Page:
So what can be done to break this cycle of complacency? Government and industry experts have long spoken about the need for better sharing of information about cyberthreats. I was talking in public fora about this ten years ago.

The devil is in the detail in the ‘what’ and the ‘how’. Inside the ‘what’ is also the ‘who’. I’ll explain below

What should be shared, who should do the sharing – and with whom?

Both government and industry, whilst they generally enthusiastically agree that there should be sharing, think that the other party should be doing more of it and then come up with any number of excuses as to why they can’t! For those who are fans of iconic 80’s TV, it reminds me of the Yes Minister episode where the PM wants to have a policy of promoting women and in cabinet each minister enthusiastically agrees that it should be done, whilst explaining why it wouldn’t be possible in his department. In government, the spooks will tell you that they have ‘concerns’ with sharing, ie they want to spy on other countries and don’t want to give up any potential tools. It’s no better in industry, companies don’t have an incentive to share specific data, because their competitors might get some kind of advantage.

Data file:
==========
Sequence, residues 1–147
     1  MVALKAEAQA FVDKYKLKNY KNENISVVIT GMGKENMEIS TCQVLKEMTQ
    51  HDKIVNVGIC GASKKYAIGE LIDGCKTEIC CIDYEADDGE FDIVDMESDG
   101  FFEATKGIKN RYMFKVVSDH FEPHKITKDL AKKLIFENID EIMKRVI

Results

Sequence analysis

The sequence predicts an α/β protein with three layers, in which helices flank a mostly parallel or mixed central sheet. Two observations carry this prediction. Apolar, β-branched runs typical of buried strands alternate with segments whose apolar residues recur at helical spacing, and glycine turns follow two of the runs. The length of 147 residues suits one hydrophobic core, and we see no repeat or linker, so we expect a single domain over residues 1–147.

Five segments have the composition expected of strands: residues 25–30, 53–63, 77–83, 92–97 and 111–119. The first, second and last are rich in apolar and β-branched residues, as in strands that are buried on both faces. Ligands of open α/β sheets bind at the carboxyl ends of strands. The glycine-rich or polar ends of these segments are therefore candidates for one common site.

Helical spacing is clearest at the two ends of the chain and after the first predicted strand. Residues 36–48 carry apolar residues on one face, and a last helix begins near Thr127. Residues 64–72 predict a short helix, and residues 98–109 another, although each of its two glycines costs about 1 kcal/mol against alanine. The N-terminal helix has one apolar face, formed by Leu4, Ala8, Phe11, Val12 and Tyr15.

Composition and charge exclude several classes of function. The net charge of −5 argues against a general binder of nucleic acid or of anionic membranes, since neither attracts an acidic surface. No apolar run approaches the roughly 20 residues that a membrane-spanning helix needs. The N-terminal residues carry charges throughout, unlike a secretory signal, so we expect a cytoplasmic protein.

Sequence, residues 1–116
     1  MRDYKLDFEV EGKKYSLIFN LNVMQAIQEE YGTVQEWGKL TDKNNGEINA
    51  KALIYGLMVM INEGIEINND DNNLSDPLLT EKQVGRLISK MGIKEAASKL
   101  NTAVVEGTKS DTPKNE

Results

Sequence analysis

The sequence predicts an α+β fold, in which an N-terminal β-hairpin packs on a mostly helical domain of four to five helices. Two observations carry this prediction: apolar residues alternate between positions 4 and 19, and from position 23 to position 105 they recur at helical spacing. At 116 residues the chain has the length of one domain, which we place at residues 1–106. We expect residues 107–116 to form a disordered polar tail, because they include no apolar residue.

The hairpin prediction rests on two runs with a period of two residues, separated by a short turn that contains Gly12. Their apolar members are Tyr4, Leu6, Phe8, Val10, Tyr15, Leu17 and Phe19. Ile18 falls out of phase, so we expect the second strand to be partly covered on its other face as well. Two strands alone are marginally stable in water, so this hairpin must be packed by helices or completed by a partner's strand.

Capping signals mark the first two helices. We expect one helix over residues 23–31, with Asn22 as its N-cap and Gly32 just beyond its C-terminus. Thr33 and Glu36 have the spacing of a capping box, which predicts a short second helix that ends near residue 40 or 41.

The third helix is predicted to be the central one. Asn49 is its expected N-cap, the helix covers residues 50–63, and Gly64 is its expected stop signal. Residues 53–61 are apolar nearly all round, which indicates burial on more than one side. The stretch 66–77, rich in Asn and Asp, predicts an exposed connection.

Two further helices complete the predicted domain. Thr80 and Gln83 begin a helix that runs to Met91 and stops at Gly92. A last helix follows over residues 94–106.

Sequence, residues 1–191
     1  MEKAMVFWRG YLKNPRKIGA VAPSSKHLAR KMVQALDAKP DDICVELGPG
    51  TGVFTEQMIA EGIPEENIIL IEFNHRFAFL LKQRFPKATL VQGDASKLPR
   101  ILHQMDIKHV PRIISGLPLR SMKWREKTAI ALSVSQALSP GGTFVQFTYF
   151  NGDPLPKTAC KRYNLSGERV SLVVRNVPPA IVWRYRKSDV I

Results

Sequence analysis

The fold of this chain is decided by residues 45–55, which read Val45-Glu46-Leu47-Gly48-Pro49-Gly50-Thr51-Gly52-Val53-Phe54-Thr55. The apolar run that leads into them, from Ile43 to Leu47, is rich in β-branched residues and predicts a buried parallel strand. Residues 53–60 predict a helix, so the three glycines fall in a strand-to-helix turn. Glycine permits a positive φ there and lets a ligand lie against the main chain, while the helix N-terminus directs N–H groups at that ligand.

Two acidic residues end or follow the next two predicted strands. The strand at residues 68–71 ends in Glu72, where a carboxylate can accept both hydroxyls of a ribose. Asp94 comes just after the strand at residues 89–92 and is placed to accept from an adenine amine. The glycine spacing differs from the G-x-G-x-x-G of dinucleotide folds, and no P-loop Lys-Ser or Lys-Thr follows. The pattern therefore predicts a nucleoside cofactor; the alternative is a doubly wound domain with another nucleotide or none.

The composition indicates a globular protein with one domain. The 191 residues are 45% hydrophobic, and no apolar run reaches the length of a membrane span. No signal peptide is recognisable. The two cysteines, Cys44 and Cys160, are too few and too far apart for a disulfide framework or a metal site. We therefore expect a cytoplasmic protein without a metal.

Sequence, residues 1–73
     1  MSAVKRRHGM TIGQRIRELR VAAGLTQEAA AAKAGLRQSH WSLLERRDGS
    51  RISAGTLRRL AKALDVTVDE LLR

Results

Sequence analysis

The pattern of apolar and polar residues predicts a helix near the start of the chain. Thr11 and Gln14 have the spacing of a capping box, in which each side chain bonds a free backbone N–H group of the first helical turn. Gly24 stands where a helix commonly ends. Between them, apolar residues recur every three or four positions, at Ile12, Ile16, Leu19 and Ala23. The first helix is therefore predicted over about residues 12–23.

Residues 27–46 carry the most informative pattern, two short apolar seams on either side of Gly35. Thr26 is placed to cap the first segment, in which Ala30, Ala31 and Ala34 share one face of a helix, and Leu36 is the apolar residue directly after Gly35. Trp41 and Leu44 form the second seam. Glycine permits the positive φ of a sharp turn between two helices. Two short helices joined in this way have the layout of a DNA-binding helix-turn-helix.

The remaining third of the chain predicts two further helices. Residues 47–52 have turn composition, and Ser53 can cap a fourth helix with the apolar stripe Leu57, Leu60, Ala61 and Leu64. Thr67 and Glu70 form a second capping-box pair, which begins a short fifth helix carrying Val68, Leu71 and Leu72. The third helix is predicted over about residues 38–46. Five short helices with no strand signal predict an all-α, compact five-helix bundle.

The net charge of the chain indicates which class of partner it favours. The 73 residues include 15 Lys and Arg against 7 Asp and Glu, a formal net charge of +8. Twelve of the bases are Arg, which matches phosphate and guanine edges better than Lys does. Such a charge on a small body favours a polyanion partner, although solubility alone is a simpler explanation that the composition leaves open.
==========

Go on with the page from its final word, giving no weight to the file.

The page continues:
The UK has developed perhaps the most mature approach to this. UK organisations have been subject to a number of significant cyber attacks and government officials attempt to ‘share what is shareable’. The ability to do this may be because of the close relationship between the UK government and industry, developed initially during the time of the Troubles in Ireland and has been maintained in one form or other through the terrorism crises of this Century. It remains to be seen whether the government will be able to maintain these relationships and UK industry will see value in them as the UK and Europe struggle with short-termism brought on by the fiscal situation.

Australia has also attempted to share what is shareable, however as the government computer emergency response team sits directly within a department of state this is very difficult. It seems that the CERT does not have a clear mission. Is it an arbiter of cyber-policy and information disseminator, or an operational organisation that facilitates information exchange on cyber issues between government and industry?